And it's not even as though everything went wrong. In fact, our first experience in the city was when we discovered upon checking in that we had been upgraded to a swanky hotel room the likes of which our peasant eyes had never seen so that they could accommodate our request for two cribs in the room. Annabelle and Charlotte approved.
We had a marvelous time taking in the lovely architecture and canals--and of course the Red Light District. We just did a quick walk through the area because we had to see it for ourselves, but we were there at about 2 pm on a weekday--hardly prime time for prostitution, I suppose. It was not exactly the 1st string team in the windows is what I'm saying. We did get some laughs as we walked past the girls, making half hearted attempts at enticing the looky loos, playing on their phones, and essentially epitomizing the phrase "over it". That said, we did witness a gentleman enter one of those find establishments, so mark that experience off on our Amsterdam Bingo card.
While there was about a 15 minute screaming session in the Anne Frank House, it was still one of the top moments of our visit. As a child, I read The Diary of Anne Frank countless times, captivated by the story of this courageous girl who told a story of great optimism in one of history's darkest moments. I even credit Anne with being a big part of the reason I started blogging. I grew up imagining what it would be like to tell your story to the world, and while my story is in no way comparable to hers, she did inspire me to maintain a record of my life for posterity. It was incredibly moving to see the exact spot where she lived the life that she wrote about so beautifully, and even more incredible to see one of her diaries on display.
The other big hit for me was the food. In our little area of Germany, 85% of the restaurants are a sort of German/Italian hybrid, and all seem to have the same basic menu consisting of pizza, pasta, and schnitzel. I cannot tell you how sick I am of pizza, pasta and schnitzel. Amsterdam, being a major metropolitan city, had SO MUCH VARIETY. We ate Indonesian, Mexican, Greek and, of course, Dutch, in our few days there, and I would be happy to return just to sample more of the delicious cuisine.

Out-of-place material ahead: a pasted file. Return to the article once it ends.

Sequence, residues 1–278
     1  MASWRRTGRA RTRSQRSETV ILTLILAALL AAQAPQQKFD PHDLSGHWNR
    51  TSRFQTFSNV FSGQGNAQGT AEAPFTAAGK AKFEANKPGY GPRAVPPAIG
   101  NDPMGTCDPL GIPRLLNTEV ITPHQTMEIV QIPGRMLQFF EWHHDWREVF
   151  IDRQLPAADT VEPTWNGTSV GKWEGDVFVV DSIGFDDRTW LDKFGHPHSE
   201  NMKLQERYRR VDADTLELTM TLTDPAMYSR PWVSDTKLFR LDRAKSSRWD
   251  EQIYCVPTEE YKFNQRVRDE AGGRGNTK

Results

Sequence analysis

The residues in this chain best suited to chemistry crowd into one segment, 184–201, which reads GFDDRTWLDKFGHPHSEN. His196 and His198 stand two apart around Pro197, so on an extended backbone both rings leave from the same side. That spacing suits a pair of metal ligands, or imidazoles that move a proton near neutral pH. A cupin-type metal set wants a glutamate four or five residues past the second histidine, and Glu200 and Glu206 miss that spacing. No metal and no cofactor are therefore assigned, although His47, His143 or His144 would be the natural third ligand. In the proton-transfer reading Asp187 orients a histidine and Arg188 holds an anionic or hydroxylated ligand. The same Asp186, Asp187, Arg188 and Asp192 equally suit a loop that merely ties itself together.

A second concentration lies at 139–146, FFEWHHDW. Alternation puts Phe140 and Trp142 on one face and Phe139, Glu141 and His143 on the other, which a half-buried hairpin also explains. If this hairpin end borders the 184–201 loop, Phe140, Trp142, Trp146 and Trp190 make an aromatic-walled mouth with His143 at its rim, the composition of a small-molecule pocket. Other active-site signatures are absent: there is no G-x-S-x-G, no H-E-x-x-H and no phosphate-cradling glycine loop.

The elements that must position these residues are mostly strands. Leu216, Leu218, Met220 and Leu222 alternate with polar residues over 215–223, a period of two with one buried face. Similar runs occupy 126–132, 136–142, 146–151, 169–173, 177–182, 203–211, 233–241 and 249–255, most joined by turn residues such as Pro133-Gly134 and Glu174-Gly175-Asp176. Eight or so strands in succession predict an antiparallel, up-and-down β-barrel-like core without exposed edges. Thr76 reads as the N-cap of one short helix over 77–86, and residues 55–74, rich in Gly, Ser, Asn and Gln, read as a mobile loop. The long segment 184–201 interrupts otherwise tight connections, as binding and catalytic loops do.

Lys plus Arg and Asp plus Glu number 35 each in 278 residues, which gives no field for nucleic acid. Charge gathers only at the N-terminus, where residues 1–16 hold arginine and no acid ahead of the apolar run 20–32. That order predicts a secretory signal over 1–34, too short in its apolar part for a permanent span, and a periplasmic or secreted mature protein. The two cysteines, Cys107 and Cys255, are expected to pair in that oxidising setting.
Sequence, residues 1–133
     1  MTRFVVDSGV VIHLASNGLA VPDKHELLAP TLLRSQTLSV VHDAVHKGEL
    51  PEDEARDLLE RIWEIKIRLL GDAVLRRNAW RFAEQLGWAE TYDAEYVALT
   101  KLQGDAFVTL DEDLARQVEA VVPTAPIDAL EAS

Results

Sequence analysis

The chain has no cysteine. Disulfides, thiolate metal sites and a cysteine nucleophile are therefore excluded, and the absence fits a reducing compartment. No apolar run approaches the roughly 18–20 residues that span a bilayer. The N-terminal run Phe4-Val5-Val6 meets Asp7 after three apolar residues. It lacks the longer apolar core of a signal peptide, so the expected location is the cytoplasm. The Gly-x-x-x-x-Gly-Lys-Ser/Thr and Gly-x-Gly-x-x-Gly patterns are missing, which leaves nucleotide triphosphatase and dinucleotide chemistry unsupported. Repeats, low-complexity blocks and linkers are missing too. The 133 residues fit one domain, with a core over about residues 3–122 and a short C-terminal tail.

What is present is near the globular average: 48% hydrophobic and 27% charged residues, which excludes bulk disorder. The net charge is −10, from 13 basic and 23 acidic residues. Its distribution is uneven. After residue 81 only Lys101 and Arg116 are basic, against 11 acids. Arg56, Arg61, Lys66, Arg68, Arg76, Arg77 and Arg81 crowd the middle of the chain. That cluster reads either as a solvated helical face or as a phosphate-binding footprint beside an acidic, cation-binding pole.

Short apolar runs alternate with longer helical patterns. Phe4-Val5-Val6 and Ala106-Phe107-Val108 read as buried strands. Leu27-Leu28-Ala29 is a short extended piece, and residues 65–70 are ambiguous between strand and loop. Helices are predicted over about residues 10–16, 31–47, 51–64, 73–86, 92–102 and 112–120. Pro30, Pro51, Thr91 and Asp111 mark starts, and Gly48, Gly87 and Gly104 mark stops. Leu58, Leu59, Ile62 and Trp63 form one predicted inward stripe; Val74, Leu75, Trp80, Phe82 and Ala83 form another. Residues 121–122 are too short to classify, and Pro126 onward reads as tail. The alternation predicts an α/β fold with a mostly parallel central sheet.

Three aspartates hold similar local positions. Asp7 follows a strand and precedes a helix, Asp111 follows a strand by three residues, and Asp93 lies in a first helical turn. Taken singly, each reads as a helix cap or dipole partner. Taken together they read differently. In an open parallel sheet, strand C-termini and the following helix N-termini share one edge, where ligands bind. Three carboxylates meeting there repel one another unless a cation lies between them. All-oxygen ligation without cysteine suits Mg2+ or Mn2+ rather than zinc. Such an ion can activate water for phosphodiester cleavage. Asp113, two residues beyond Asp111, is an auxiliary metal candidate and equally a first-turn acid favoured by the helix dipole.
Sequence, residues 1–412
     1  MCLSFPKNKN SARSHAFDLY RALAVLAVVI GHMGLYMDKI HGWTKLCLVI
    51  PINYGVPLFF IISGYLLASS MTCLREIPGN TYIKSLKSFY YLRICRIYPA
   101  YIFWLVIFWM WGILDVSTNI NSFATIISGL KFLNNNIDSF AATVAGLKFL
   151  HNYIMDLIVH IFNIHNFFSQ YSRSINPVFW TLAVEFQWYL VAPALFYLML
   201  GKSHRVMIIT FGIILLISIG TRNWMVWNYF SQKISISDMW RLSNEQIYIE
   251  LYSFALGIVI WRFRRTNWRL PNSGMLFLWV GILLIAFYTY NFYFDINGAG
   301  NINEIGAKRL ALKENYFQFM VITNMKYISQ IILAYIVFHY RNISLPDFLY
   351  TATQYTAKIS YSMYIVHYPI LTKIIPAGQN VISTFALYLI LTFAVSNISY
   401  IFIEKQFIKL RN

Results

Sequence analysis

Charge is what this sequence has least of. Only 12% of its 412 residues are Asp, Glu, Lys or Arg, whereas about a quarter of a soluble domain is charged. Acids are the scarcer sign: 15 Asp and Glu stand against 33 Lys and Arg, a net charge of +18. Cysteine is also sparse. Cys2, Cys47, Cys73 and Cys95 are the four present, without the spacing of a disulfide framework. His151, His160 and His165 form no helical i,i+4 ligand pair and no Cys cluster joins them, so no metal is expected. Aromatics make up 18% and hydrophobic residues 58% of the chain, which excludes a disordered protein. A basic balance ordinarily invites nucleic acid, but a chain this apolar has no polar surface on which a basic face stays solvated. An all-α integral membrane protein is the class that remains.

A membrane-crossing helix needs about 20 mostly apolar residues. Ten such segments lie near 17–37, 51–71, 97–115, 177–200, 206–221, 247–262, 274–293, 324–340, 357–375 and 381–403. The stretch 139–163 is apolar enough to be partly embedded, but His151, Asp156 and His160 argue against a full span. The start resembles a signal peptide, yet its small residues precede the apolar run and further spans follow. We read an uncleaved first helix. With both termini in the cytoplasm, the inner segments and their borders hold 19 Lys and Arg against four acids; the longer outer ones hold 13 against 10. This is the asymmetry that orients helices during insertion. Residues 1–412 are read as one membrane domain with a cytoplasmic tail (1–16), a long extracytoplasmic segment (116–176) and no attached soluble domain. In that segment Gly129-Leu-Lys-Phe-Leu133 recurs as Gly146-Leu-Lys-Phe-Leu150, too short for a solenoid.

Then, there was the Keukenhof. Oh, the Keukenhof. The whole point of our trip to Amsterdam in the spring was to go see the tulips. Waaaah waaaaah. There were a few tulips just beginning to bloom outside, and they had made an effort to pretty up the place with potted tulips they'd brought out from the greenhouses, but overall, it was a pretty bleak scene. Not much is more depressing than a garden in what is still essentially winter. Plus, it was super windy, and we were all pretty much over being freezing cold by that point.
We spent our last day in Haarlem, and it was a very cute little town, with a really lovely art museum featuring the work of the Dutch artist, Frans Hals. We stopped in at a little cafe in the Grote Markt, visited the massive organ (thats what... she said?) in the Grote Kerk, and capped things off with a spin through the museum.
We even learned a fun new word as we were repeatedly approached by people wanting to meet Charlotte and Annabelle--"twins" in Dutch is "tweelings". How perfect is that! So, while we were met with a few great disappointments during our journey north, I still managed to form a highly favorable impression of the Netherlands. The people were incredibly kind, Amsterdam was absolutely lovely, and the food was delicious--good food alone can go a long way toward redeeming most any situation.